So a couple of weeks ago, I was on my way up to get Hunter. I push my way in with the crowd that has come down to buy their lunch from the convenience store in the lobby. Microwavable convenience store food is HUGE here. There is usually a small counter with buckets of gravies warming. In the gravies are various meats on sticks. There is also usually a small warming oven with dumplings and stuffed buns. On another counter there are microwaves. Lots of them. Like five or six. Somewhere there is rice because they all end up leaving with small, piping hot trays of rice, gravy and meat. They get little cardboard oven mitts to carry them away (a cross between the circular cardboard strips that go around coffee mugs and a hot plate). Certainly people buy hot dogs from 7-11 so I guess it’s not that strange but really, who is buying hot dogs at 7-11?

Anyway, I’m in the overpacked elevator, steaming with over dressed people and their fragrant lunches. (I should also note here that people in Shanghai dress for the season, not for the actual weather outside their doors. This was April but the temperature had reached into the 80s. People are just now, starting to shed their wool sweaters, long pants, tights, boots, and coats.) So we’re in the elevator, have I mentioned how crowded, hot and smelly it is? I have to get to the 6th floor. We reach the 3rd floor – a high traffic stop – the tides move and the doors close. We don’t move. Someone pushes the button for the next floor. Nothing. Some people look annoyed, others are on their phones, I have a look of sheer panic. Someone pushes the open door button. Nothing. I think I’m going to pass out. People are starting to talk. More button pushing and nothing. Finally after what felt like an eternity, the doors open.

So, no I didn’t actually get stuck and to be honest, it was probably only 2 minutes but that doesn’t make for a very good story. And the thought that it could actually happen is just that frightening that I had to share. (Like when people are afraid if they talk about something, they’ll jinx it and it won’t happen, I’m just doing the reverse.)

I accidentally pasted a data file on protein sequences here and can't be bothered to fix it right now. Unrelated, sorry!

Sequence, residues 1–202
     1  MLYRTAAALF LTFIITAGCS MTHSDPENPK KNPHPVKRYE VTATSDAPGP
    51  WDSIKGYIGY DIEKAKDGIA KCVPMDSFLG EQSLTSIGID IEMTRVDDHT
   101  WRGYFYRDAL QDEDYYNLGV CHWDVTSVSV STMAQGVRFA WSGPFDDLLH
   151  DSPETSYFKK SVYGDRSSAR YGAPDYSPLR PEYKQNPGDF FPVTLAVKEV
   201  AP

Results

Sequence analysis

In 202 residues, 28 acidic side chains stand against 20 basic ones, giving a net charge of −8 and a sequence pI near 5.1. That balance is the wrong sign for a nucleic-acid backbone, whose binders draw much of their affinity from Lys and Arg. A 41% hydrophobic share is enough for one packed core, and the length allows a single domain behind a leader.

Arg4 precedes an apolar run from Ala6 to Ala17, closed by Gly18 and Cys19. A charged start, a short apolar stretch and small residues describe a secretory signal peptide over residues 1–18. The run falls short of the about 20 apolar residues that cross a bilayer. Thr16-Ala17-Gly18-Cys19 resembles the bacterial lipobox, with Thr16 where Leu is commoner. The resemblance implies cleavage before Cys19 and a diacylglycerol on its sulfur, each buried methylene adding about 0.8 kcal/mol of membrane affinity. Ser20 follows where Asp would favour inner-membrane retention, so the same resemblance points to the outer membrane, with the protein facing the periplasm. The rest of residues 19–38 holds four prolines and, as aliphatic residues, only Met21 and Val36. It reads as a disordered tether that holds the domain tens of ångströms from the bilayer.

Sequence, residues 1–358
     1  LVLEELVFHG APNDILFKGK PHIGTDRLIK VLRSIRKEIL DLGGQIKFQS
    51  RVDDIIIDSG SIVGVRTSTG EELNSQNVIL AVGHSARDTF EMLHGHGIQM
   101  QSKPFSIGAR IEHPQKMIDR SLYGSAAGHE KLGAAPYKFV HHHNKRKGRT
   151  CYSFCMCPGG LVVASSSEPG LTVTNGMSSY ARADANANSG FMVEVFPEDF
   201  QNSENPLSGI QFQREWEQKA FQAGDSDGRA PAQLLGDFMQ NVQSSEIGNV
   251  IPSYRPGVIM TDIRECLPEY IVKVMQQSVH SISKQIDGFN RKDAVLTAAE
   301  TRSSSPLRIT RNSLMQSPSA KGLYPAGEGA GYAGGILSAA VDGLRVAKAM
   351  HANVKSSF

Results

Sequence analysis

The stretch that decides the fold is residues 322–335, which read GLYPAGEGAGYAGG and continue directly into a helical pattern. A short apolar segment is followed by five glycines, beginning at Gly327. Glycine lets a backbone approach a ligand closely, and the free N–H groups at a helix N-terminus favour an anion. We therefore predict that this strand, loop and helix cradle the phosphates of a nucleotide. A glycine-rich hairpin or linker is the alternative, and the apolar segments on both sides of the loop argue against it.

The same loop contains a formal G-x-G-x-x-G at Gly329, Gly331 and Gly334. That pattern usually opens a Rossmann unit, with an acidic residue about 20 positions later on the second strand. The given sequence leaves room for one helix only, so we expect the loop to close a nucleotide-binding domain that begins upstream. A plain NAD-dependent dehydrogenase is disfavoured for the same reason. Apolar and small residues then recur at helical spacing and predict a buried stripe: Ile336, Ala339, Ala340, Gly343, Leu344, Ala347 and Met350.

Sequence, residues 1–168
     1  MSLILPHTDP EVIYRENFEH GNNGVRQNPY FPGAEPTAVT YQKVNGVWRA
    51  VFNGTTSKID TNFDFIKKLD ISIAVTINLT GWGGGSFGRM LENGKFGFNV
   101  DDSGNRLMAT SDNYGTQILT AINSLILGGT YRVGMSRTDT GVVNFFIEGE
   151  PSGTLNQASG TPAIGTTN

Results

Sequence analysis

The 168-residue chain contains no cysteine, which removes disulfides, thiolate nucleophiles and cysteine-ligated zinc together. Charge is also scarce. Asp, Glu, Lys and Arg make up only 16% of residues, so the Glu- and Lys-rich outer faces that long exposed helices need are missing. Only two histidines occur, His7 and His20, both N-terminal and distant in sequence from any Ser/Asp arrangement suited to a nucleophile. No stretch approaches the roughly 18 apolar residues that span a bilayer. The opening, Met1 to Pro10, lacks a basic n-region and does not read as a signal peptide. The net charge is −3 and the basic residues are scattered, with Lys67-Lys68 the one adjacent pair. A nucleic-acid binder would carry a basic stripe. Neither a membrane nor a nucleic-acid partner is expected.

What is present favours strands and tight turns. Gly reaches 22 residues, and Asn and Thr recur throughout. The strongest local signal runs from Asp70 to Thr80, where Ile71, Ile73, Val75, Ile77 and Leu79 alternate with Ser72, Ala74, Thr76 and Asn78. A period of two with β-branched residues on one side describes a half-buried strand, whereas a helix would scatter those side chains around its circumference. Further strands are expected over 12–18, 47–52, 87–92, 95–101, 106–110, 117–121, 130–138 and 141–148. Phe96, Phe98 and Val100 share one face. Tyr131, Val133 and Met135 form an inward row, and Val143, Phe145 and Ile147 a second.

Being a bike delivery guy:
So again, this is a bad picture but the guy on the three wheeled bike was easily 70 years old, pedaling a huge couch and chair. He had to stop at the light before crossing the street and was having a hard time getting going again. The guy on the two wheeled bike was stopped with him. I don’t think they new each other but he could tell the old man needed some help and pushed him along until he could pick up speed again. Many not-so-fit people cart some really heavy goods around this city on three wheeled bikes. It’s equally reassuring (that we are all probably stronger than we may think or look) and scary (that these people are going to get hit by taxis who are in some unspoken game of survival of the fittest).

Being welcomed into a store by this:
Nothing says, “come in and browse my fine wares” like a wooden he/she guarding the door, with a spear/broom, making a scary face.

Transporting your infant around like this:
That’s not a helmet the boy is wearing, it’s a cotton hat (says the women in the taxi holding two toddlers with no seat belts, let alone car seats). Look a little closer and see that the mother is sitting side saddle in a tight skirt. Look closer still, and note they are coming off the sidewalk to now start driving in the street. Scooters/motorcycles have free reign to drive wherever they please (as long as they stay out of the way of taxis). Look closer still, and note the two uniformed men more interested in giving the guy with the flowers directions then reprimanding the small family on the scooter. As they drove away, the women teetered ever so slightly with every bump in the road. We saw a lot of this in India. But you kind of expect it there. Thirty seconds in India and you know you’re in a third world country. Shanghai is modern, cosmopolitan and clean. But still surprising.

Washing the pavement in the rain:
I’ve mentioned this before but here is a picture. It was raining on and off this whole day and yet…

I don’t get it…clearly, I’m not from around here.